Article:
The prescriptions of Bain & Company have a long history and its predilections are well documented. In Chicago in 2007 the “first Bain pro bono team focused on school design”, declaring their imperative to be the tautology that underserved communities have been failed by public education. Discovering that a school is a complex entity and difficult to launch, Bain encountered setbacks in its initial drive to take over Rowe Elementary School. In keeping with its tradition of “deep investment,” Bain continues its involvement with Rowe ES to this day, named for the retired chair and CEO of the beleaguered energy corporation Exelon, alongside over a dozen deep-pocketed investors of school privatization. Bain’s “social impact” has long been a selling point for their vertical business model, involving dozens of “education-focused pro bono engagements” from Michelle Rhee’s anti-union, political lobbying group StudentsFirst to the de facto TFA-lite “City Year”.

There is no doubt that LAUSD faces tremendous challenges under Covid19, financially from the state budget crisis, operationally due to social distancing and/or remote learning, and logistically as LAUSD morphs into one of the largest social agency nutrition provisioners anywhere, any time. A phenomenal list of resources can be found here on topics ranging from IT and instructional continuity for students, parents and students with disabilities; learning resources and Health and Human Services.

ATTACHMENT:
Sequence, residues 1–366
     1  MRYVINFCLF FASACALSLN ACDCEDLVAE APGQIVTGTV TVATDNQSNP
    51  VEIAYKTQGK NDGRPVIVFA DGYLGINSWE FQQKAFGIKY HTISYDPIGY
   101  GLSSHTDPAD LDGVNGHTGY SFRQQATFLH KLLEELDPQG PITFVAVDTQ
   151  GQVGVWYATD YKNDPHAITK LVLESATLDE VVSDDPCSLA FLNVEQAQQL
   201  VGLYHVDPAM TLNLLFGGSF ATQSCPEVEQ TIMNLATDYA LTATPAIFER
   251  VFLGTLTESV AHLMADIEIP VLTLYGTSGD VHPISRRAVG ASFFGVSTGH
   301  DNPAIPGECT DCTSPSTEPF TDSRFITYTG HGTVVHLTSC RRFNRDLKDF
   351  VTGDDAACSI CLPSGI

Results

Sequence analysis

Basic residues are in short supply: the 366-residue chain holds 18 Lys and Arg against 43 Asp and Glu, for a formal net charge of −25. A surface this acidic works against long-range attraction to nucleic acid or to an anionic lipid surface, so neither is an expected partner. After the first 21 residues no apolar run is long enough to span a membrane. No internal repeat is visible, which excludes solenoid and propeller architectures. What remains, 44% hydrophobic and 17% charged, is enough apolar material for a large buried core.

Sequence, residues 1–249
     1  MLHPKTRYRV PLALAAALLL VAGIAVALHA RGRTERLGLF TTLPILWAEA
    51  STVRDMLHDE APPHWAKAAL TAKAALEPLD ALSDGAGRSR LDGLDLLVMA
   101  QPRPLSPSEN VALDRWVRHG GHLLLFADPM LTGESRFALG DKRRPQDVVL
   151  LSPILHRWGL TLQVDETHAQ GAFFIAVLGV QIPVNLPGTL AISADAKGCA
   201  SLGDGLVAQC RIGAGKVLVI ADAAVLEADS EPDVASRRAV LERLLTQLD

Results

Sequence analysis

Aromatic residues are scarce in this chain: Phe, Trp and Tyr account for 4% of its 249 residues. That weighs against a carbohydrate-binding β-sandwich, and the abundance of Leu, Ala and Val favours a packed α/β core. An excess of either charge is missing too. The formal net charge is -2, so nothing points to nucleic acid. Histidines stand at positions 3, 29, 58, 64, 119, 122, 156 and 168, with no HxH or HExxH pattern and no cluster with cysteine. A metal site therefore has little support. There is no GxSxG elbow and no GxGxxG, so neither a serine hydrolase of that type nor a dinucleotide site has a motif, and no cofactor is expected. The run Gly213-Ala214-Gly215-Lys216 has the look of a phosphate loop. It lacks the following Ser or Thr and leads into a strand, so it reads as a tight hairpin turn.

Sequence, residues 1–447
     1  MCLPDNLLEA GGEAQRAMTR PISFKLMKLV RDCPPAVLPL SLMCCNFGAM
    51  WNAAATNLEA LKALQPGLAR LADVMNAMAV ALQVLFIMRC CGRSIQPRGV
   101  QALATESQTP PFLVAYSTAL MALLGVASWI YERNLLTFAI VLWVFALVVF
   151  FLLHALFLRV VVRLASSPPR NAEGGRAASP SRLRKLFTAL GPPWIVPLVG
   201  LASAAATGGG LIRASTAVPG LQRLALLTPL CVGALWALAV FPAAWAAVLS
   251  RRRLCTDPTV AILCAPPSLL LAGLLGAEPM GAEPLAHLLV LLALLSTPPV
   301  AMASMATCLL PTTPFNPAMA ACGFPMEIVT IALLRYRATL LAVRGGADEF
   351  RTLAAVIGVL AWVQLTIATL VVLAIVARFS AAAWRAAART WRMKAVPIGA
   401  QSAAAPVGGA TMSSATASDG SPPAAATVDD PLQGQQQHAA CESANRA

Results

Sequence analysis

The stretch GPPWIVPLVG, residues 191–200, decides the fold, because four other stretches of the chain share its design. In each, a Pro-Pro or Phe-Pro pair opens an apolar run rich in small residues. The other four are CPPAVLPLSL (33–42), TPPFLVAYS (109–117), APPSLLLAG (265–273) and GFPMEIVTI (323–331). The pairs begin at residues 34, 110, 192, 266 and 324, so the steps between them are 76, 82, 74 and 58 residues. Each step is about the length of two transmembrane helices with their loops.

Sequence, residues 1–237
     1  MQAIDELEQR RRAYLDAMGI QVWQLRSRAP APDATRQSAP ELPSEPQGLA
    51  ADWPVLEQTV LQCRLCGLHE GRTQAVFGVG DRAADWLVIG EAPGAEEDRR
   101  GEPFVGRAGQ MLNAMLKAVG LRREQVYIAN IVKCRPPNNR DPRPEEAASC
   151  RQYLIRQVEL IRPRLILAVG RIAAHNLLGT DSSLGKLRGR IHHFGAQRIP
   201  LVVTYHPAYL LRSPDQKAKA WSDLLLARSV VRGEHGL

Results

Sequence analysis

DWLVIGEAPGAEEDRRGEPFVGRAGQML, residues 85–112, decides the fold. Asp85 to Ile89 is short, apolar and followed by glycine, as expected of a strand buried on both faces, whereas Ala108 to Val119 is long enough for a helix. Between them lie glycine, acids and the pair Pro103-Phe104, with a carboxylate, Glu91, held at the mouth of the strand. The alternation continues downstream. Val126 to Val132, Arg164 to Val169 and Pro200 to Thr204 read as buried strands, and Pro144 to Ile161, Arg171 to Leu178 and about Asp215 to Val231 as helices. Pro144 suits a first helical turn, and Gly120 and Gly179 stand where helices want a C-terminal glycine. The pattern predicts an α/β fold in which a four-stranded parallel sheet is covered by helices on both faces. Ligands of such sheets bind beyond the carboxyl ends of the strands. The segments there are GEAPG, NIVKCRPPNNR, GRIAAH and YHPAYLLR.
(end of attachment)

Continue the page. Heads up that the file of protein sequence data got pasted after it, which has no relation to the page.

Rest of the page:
But allowing the crisis to cloak the “deep involvement” of an industry dedicated to privatizing our public sector is ushering ideological partisans within LAUSD’s midst. This is infiltration shepherded not by elected representatives but by their controversially appointed chief, who dates from a time of the BOE’s different ideological composition. Consider this object lesson of Bain Capitol’s effect on the healthcare system and consider the analogous implications of its parent-company’s satellite’s social “mission”. Inviting Bain & Company to advise LAUSD, pro bono or otherwise, shepherds their corporate social agenda into our public education system, leaving it vulnerable to reflexive corporate extraction of public monies for private gain.

We’re all focused inward on the children borrowing our computers and attention at home. But it is important to keep an eye on outside incursion. Having granted emergency powers to its Superintendent under Covid19, LAUSD’s schoolboard and its stakeholders cannot abdicate awareness of threats to our democratic school system. Pro-bono management consulting does not constitute a penny earned.